Pervasive internet, publishing pitfalls and blaming Steve Jobs

Adam Tinworth
Adam Tinworth

I’m feeling uncomfortable right now, and I blame Steve Jobs. Now, I admit it’s not very fair to pick on a man on sick leave, but my conscience is clear because (a) he’ll almost certainly never read this and (b) he certainly won’t give a damn if he ever should. It’s his fault, bang to rights, because of the iPhone and the iPad and the changes they’ve worked on the technology world.

Every day that I come into the office and don’t do something that look at a multi-platform future for our content is a day I feel I’ve wasted. My gut, or my instinct for those who prefer a less biological metaphor, is screaming at me that the new reality for publishing is a continuum of devices, that start at phones, and move through tablets and TV and laptops and desktops and ereaders and innumerable devices not yet thought of.

And the journalism business is not ready.

This is the third major transformation to hit the our profession:

  1. The Internet – somebody only went and invented the biggest, most efficient information distribution system ever.  Oddly enough, the whole content business changed. And we’ve just about got our heads around this as an industry.
  2. Social Media – now, the internet always was social, but we ignored this bit until the social element became so loud, so important, that we couldn’t any more. And, as an industry, we’re just feeling our way through this right now.
  3. The Pervasive Internet – this is what people who still aren’t paying attention call the mobile internet or – worse – the mobile web. This is the proliferation of internet connection devices that people have with them everywhere and everywhen – and expect the information they want in easily accessible forms.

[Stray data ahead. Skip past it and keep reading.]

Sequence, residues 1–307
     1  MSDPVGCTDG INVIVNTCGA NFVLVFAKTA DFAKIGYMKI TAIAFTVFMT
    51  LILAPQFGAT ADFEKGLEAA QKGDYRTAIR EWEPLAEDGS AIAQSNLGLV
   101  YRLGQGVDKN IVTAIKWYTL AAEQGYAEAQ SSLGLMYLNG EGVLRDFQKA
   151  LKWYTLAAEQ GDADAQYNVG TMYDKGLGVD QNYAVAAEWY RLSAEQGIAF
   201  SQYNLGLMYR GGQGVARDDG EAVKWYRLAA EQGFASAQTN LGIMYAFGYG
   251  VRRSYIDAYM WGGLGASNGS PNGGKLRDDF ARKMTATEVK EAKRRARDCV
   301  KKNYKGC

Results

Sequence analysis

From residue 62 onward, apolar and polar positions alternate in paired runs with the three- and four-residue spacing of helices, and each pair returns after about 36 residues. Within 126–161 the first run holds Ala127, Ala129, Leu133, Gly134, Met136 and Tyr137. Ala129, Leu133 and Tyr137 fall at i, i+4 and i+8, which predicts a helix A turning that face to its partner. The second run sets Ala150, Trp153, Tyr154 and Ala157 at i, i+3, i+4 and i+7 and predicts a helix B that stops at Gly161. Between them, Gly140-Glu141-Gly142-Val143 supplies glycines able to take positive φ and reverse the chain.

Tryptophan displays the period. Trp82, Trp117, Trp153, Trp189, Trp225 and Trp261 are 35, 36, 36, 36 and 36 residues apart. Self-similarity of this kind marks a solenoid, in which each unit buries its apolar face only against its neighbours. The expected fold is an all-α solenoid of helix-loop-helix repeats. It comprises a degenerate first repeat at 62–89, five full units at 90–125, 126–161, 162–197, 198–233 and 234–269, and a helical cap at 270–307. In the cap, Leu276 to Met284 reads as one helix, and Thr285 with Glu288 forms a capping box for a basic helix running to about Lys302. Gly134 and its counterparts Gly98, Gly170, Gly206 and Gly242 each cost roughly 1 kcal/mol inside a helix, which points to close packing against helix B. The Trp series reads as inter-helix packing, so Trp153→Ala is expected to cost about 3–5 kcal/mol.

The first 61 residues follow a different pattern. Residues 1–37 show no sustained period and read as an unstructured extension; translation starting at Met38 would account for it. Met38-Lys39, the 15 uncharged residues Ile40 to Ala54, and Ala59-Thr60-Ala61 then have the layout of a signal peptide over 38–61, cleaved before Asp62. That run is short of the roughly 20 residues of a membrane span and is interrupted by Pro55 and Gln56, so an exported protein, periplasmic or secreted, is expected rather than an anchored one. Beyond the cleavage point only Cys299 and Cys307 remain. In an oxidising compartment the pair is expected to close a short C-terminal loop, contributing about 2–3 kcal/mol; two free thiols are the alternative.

I’m worried about this last change for any number of reasons. First up, catering this means technological changes, and publishers have traditionally been crummy at those. Secondly, publishers are still struggling with point two. And lastly, too many people are busy rushing the wrong way with these devices. Too many of the iPad-centered publishing strategies have the reek of people taking one look at TVs and thinking “finally, the perfect vehicle to recreate greek theatre!”

The changes are starting to come faster than the publishing business has proved itself capable of reacting to – and that’s a huge red flag.

Cheery thought, isn’t it?

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Adam is a lecturer, trainer and writer. He's been a blogger for over 20 years, and a journalist for more than 30. He lectures on audience strategy and engagement at City, University of London.